Newman club seeks dialog between Catholics, Protestants

Unity as defined in Ephesians 4:3-6: “Striving to preserve the unity of the spirit in the bond of peace…” is the calling card of the Newman Club here at Eastern University.

Named after Cardinal John Henry Newman, this group strives for unity between Catholics and Protestants and to have Catholic students come together and worship.

“I enjoy having a chance to grow deeper in my own faith and to be able to share that with others,” sophomore Shawn Machia, one of the founding members of the club, said.

According to junior Bethany Musser, another founding member of the club, the idea of the Newman Club was raised among the Catholic group on campus last semester.

The club could not be formed last semester because SGA was out of session at the time.

On September 7, 2005, their first meeting was held. The club began with, and still has, a core group of seven members, according to Musser.

Five of these members were involved in the club’s founding.

These founding members are Kimberly Depatie, Shawn Machia, Anja Eltgroth, Bethany Musser and Jonathan Barker.

The group does not yet have established leaders. Instead, the group practices “communal leadership,” according to Musser.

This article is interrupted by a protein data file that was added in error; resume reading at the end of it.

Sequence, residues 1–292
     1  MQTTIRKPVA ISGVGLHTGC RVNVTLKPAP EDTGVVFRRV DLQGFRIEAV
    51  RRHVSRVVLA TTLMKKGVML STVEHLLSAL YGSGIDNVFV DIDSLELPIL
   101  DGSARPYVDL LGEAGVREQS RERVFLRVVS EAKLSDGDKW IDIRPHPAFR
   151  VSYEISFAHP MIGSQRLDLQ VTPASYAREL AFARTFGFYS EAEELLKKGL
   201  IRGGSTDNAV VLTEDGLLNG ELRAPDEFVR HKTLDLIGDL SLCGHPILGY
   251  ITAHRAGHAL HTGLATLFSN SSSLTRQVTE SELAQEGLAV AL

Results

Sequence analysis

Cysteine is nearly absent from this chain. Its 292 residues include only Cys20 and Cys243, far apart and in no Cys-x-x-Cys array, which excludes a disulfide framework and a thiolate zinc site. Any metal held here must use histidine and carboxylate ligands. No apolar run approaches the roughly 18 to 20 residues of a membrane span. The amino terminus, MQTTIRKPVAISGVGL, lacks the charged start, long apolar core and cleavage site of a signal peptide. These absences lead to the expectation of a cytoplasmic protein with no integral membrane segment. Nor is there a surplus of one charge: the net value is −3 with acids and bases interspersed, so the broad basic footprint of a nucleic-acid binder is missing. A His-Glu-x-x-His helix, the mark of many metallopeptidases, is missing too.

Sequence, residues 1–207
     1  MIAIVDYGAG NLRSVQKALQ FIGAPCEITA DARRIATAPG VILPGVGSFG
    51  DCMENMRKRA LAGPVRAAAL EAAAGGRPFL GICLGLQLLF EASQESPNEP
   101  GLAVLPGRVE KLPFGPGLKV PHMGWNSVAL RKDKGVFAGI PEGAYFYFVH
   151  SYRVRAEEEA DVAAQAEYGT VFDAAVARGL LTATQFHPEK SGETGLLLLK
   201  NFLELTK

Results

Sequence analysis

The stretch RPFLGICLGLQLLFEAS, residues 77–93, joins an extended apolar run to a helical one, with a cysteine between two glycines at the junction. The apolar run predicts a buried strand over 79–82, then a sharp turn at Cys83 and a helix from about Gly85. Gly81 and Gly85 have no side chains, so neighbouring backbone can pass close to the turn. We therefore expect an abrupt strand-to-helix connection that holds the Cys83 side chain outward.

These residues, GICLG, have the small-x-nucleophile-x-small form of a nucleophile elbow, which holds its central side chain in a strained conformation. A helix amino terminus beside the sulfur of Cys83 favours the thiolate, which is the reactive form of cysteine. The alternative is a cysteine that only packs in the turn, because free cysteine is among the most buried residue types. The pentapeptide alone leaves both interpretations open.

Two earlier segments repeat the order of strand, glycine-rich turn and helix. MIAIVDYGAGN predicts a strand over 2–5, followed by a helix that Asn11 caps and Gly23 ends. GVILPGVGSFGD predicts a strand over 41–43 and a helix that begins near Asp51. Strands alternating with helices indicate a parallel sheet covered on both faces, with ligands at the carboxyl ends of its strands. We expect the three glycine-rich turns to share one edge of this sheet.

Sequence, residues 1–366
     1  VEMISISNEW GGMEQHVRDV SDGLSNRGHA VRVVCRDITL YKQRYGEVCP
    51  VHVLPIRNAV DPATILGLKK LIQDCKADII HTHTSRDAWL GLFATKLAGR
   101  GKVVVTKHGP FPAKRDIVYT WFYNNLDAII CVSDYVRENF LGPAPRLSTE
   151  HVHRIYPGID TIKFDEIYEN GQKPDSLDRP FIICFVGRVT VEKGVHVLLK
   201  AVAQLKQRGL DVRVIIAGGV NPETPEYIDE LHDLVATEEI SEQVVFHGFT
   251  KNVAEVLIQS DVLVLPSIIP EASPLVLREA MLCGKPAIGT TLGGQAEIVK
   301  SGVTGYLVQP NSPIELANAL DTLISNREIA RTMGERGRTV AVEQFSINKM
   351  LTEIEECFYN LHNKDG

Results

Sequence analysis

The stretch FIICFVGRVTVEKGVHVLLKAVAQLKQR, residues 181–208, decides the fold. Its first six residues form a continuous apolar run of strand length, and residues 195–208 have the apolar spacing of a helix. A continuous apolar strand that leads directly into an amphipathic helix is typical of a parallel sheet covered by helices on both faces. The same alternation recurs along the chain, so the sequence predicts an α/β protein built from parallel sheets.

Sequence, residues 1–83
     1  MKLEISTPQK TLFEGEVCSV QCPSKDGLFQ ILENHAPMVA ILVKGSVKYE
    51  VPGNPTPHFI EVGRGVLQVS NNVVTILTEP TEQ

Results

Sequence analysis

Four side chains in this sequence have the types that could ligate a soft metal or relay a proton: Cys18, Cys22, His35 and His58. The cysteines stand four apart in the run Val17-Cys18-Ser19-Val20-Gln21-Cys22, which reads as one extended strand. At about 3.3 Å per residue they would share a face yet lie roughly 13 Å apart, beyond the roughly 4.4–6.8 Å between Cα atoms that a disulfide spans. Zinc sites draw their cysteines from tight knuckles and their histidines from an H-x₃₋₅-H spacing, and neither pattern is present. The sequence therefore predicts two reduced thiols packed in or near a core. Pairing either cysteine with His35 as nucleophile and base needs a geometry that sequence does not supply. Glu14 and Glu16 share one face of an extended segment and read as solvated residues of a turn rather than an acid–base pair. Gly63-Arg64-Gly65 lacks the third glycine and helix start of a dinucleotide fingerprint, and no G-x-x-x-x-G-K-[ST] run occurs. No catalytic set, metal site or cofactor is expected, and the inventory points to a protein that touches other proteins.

One of the Newman Club’s purposes is “to prepare a place on the campus for Catholics to come and deepen their faith and understanding,” Musser said.

A second purpose of the club is “to provide a place for ecumenical dialogue,” Machia said.

This is a productive aspect of the club, according to senior Anja Eltgroth.

“A 15-minute conversation sometimes can clear up something someone thought the Catholic church taught,” she said.

Helping other Christians understand Catholicism also leads to providing a place “to grow and understand more about Catholicism,” Musser said.

On September 11, the Newman Club took action on this ecumenical purpose by having a prayer vigil.

“We wanted to have Christians, both Catholics and Protestants praying together,” Musser said.

The club holds two meetings a week. On Sunday at 3, they hold a prayer service. Every Wednesday at eight thirty, they hold a study group of various Catholic doctrines, according to several club members.

Eastern University is a community of people of diverse backgrounds and various denominations. The Newman Club is here to serve as a source of knowledge and understanding of Catholicism. “It’s about growing closer together as Christians and in doing so growing closer to Christ,” Eltgroth said.

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